|Publication number||US5400079 A|
|Application number||US 07/904,271|
|Publication date||Mar 21, 1995|
|Filing date||Jun 25, 1992|
|Priority date||Jun 25, 1991|
|Also published as||DE69213601D1, DE69213601T2, EP0524842A1, EP0524842B1|
|Publication number||07904271, 904271, US 5400079 A, US 5400079A, US-A-5400079, US5400079 A, US5400079A|
|Inventors||Michel Martinez, Jean-Jacques Favot, Jean-Noel Perbet|
|Original Assignee||Sextant Avionique|
|Export Citation||BiBTeX, EndNote, RefMan|
|Patent Citations (10), Non-Patent Citations (2), Referenced by (15), Classifications (11), Legal Events (5)|
|External Links: USPTO, USPTO Assignment, Espacenet|
This invention is a device which receives television-type images and processes them, in real-time, to display them on a screen of any known type and format.
In certain applications, it is valuable to be able to display images, received in the form of a standard television images, on a display device other than a cathode ray tube. This applies, for example, in avionics where there is an increasing trend to replace cathode ray tubes by screens consisting of a matrix of, for example, liquid crystals.
In this case, it is necessary to convert the format and, as far as possible, allow the image to be adapted or transformed in various ways (for example to obtain a zoom) in real time and without notable loss in the quality of the image. In this context, the term "real time" means that the time the device takes to process the image is sufficiently short not to introduce any significant delay in its display. This real-time aspect is, obviously, particularly important in applications where the data displayed affects the decision made by the operator, for example, in the case of avionics, the pilot's decision.
An object of the invention is a device which satisfies these requirements.
To this end, it uses the "micro-region" technique in which a small zone or region (hereinafter called micro-zone) of adjacent pixels is made to correspond to each point in the incident image. This technique is described, for example, in French patent application No. 2 619 982 filed by THOMSON-CSF.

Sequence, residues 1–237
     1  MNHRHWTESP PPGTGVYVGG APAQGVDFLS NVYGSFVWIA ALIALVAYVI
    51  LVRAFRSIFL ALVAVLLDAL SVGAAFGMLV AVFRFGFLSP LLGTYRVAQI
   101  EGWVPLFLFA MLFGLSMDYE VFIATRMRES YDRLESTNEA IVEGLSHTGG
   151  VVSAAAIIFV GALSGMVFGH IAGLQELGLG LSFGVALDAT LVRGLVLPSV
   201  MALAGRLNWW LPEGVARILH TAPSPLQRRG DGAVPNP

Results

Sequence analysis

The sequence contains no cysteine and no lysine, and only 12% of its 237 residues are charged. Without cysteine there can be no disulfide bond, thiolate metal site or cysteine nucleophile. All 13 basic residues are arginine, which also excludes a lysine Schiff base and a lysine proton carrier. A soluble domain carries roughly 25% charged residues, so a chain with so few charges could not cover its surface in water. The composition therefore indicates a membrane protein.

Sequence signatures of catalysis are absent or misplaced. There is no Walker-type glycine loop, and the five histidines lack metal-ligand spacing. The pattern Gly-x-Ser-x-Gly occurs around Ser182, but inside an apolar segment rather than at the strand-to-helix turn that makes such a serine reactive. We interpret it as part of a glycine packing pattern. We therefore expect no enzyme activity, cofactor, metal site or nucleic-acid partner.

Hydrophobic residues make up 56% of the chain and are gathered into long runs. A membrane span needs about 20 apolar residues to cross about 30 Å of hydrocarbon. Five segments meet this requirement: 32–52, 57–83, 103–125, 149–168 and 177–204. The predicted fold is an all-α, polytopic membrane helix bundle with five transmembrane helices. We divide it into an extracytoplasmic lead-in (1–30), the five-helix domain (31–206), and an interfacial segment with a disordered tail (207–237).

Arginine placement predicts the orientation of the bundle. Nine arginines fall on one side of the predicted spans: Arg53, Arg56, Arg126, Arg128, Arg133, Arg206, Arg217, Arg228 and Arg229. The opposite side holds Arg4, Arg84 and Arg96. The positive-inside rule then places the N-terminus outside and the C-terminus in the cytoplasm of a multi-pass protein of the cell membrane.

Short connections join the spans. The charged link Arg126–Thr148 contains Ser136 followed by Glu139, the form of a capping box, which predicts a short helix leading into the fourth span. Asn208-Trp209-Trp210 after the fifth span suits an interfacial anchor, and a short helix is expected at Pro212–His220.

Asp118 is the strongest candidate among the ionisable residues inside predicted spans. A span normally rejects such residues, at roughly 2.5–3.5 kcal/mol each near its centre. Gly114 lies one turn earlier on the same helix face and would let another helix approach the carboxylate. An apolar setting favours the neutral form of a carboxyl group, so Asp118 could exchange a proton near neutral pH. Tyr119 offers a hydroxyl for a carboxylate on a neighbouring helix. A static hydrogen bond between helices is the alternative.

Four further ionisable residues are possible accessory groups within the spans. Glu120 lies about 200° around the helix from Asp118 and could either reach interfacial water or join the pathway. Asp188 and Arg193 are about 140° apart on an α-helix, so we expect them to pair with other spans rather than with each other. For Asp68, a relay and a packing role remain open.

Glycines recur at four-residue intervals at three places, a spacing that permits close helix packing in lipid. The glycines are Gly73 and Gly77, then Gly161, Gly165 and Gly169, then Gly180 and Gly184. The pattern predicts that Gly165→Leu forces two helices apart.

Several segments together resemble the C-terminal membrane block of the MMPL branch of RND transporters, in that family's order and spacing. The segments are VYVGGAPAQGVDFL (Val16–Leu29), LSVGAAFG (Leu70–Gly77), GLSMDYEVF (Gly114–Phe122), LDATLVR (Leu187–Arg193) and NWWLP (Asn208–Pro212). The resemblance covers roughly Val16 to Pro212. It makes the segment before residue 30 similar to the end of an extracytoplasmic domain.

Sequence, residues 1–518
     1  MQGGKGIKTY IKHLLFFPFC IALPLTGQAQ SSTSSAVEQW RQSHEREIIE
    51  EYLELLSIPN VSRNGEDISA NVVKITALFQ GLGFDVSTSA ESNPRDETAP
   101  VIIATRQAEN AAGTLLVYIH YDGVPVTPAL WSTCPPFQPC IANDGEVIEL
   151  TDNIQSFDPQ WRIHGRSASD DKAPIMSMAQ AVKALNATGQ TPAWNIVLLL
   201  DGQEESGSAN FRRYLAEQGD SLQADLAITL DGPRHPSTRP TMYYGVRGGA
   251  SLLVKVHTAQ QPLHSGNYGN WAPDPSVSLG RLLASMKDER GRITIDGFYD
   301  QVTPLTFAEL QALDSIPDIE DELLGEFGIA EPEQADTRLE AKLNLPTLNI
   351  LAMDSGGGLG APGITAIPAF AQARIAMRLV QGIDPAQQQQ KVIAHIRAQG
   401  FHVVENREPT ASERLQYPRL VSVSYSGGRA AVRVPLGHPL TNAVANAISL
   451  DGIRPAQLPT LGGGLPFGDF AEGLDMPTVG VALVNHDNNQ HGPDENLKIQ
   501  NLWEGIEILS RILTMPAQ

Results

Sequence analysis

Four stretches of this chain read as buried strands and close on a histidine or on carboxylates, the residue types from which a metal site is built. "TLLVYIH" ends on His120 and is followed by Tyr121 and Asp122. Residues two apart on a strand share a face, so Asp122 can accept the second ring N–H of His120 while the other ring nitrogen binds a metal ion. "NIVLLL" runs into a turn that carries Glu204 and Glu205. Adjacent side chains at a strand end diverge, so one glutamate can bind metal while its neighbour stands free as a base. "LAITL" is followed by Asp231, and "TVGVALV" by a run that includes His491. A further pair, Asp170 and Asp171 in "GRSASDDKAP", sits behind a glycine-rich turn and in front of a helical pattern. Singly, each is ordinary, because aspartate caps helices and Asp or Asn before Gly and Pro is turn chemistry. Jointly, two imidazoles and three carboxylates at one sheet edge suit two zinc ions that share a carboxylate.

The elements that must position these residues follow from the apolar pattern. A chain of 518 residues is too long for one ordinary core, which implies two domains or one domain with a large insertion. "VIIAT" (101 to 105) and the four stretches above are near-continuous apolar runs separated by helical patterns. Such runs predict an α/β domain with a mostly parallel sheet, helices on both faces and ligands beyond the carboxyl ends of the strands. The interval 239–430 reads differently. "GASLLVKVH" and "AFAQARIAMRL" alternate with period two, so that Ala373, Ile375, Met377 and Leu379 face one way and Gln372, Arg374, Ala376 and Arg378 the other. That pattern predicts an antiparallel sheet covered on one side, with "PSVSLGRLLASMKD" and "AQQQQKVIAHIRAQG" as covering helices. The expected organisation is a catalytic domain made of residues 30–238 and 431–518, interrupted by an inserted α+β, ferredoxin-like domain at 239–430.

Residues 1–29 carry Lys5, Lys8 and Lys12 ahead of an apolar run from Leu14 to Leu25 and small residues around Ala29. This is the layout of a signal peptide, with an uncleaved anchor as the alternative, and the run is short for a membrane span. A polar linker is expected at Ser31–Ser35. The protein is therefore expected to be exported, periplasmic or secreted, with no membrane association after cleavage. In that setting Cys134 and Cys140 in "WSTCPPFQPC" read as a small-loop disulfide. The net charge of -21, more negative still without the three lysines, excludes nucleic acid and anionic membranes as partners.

More precisely, the incident television image is digitized, then a micro-zone, chosen from a series of predefined micro-zones, is associated to each elementary point in the image and written, in one embodiment, into a screen memory; the image written into the memory, micro-zone after micro-zone, is then read for display on the screen. Each micro-zone in the series is defined by its size (number of image points in the micro-zone), its shape (arrangement of the points) and its contents (the colour and luminance of each point). The micro-zone which represents an incident point is chosen to suit the format conversion and/or the processing to be applied to the incident image.
Consequently, in the invention, each incident image point is converted and/or processed by applying a specific local geometrical deformation which, due to the restricted number of points, can be done very quickly progressively as the incident image points are received, thus satisfying the requirement for real-time processing.
Finally, in one embodiment of the invention, the areas common to two micro-zones are mixed, applying a predetermined function (mean, maximum, minimum, etc.).
The invention will be better understood and other advantages will become clear upon reading the following description, which is a non-exhaustive example, and referring to the appended figure of which:
FIG. 1 is a general block diagram of the device according to the invention;
FIG. 2 is a block diagram of an embodiment of the invention; The same numbers apply to the same components on both figures.
FIG. 1 is, therefore, a general block diagram of a device according to the invention.
This device receives images, known as "source images" or "incident images", from a video generator GV for display on a screen item E in the figure.
Video generator GV is capable of providing monochromatic or colour images complying with a TV standard (for example, 875 lines, 625 lines, 525 lines, 50 or 60 Hz); it is, for example, a television camera.